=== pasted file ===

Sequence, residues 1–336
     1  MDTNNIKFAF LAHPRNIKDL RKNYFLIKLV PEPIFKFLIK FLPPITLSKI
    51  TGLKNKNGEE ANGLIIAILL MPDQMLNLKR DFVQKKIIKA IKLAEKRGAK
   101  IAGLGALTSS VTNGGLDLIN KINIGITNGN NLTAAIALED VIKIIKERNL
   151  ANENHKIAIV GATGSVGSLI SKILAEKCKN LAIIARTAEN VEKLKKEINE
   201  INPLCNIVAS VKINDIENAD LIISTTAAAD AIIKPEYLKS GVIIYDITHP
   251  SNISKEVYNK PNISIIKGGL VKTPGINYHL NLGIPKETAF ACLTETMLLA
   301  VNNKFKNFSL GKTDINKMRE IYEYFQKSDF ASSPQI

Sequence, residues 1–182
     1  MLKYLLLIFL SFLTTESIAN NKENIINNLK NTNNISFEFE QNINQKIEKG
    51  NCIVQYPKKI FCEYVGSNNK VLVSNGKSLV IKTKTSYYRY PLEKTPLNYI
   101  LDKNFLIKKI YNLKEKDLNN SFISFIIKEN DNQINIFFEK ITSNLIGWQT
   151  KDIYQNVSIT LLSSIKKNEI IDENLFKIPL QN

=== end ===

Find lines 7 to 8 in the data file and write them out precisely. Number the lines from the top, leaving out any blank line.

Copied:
   251  SNISKEVYNK PNISIIKGGL VKTPGINYHL NLGIPKETAF ACLTETMLLA
   301  VNNKFKNFSL GKTDINKMRE IYEYFQKSDF ASSPQI